Most notably, in addition to roles in several acclaimed French productions — including Love Me If You Dare and A Very Long Engagement (for which she won a César – France’s equivalent of an Oscar – for Best Supporting Actress) — Cotillard appeared as Billy Crudup’s wife in Tim Burton’s Big Fish, and co-starred opposite Russell Crowe in A Good Year, directed by Ridley Scott.
Without a doubt, the Gallic beauty had put together a very respectable resume. But the scope and sublimity of her performance as Piaf — not to mention the Oscar — made Cotillard an international star, and one of the few French actresses, along with Juliette Binoche, Julie Delpy and Audrey Tautou, to successfully cross over into major American films.
Case in point: Cotillard followed La Vie En Rose with a key role in last summer’s gangster drama Public Enemies, starring Johnny Depp and Christian Bale, and directed by Michael Mann; and she is once again in Oscar contention this year for her work in Chicago director Rob Marshall’s latest musical, Nine, with a cast that includes Daniel Day-Lewis, Nicole Kidman, Penélope Cruz, Kate Hudson and Sophia Loren.
But for all of her recent success in the United States, Cotillard is quintessentially French, and she and her romantic partner, actor-director Guillaume Canet, have chosen to remain in Paris rather than uproot to L.A. After having worked together as actors in the beguiling Love Me If You Dare, the duo have re-teamed for another film — this time with Canet directing — Les Petits Mouchoirs, to be called Little White Lies in the States.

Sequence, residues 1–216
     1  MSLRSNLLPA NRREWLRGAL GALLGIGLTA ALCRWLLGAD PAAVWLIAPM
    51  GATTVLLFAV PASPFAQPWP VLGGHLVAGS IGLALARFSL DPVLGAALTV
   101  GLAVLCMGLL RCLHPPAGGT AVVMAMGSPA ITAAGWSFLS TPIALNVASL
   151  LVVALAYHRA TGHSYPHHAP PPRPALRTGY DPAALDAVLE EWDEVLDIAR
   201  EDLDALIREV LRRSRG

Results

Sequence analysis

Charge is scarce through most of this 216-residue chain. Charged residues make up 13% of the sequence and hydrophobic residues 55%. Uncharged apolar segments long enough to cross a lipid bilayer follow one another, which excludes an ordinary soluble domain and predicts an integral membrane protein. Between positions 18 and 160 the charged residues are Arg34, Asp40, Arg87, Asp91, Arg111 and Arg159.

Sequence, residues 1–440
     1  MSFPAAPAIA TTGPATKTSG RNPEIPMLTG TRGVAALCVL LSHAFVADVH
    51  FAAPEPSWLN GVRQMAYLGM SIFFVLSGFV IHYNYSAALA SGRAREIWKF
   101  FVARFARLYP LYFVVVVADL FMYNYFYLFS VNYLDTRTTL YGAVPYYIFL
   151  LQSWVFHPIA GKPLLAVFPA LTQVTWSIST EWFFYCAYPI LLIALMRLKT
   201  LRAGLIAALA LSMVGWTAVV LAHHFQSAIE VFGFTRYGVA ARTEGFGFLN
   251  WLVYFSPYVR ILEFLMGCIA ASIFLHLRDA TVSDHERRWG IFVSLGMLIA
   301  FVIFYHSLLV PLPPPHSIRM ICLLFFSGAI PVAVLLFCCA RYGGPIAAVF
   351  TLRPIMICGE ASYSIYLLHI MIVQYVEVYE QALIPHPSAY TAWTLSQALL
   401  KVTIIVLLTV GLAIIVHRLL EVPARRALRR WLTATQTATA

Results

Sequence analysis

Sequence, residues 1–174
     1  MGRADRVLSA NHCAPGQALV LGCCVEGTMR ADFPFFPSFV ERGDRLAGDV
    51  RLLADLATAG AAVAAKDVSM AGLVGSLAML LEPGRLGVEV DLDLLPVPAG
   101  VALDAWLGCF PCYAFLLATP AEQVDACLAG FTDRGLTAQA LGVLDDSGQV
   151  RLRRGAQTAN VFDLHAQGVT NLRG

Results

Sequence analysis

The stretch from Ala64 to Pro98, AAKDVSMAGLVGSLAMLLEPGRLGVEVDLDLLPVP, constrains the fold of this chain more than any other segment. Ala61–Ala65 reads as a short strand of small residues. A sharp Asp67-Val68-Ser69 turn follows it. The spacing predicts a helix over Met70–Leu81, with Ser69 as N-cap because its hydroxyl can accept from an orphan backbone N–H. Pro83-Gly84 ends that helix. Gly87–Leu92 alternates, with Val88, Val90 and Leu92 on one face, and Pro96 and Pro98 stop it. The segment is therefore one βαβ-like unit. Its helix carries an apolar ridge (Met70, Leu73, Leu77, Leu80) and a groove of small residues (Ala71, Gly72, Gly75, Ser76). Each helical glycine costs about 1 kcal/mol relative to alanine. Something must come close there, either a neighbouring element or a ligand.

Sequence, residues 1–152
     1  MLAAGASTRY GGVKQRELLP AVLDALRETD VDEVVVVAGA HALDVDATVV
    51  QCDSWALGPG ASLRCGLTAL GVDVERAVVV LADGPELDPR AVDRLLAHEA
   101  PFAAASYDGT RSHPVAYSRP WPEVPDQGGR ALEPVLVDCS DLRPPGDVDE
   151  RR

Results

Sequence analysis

If any further evidence were needed that Cotillard has not gone Hollywood, consider this: she is about to embark on her own directorial debut — a documentary about deforestation.
Having just wrapped the science-fiction thriller Inception, starring Leonardo DiCaprio and directed by Christopher Nolan, we caught up with the thirty-four-year-old star during the tail end of the promotional campaign for Nine…
You must be exhausted. Is this the most time you’ve spent promoting a movie? Well, [I’m] used to it, and I’m very, very happy with the film, so it makes it easy.
A lot has happened since we last spoke. You won the Oscar for La Vie En Rose, which must have been surreal. How has your life changed since winning? To win for a country that represents my favorite movies of all time — I’m so, so lucky. I work a lot. I get to meet interesting people. I get to travel.
Has the amount of offers increased? Yes, yes. [Laughs] I have to say those did increase.
What about the amount of roles for you to play famous singers? No! Actually, no. No, I had offers to play old people.
Interesting. Yeah. [Laughs]
“It’s something that has changed compared to the studio era; more and more actors want to produce movies. For example, Charlize Theron didn’t wait for someone to give her Monster… It’s very interesting that actors take the risk to produce movies because they’re frustrated that directors will not think of them in that kind of role, so you produce it yourself.”
“I’ve been involved in different environmental projects, and the first project I was involved in with Greenpeace was about the forests, just because it was such nonsense to cut our lungs… There’s an amazing project, Pure Project, in Peru, where this guy buys some land that is dead and plants trees. Projects about reforestation are so inspiring, and so that’s why I want to do a documentary about the forests.”
With more offers to choose from, it must make the selection process even harder. What does a project have to have in order for you to say yes? There are some stories that I really enjoy, but then, three days later, do I still love the story? It has to be an obsession. I have to be obsessed. [There needs to be] something all around the place telling me to do this. My blood has to boil.
Has that selection process changed over the years? Oh, no. It can’t change. There has to be a reason for me to do a movie.
Inception, which you just finished, is a big-budget studio film. What sort of pressures do you feel when making a studio film as opposed to making a smaller budgeted film? I don’t think about that.
Really? When I do a movie, I just want to understand the character and to do my best to portray a character with a mixture of my vision with the director’s vision. But I don’t want to think about how big the budget is, or that it’s a studio movie.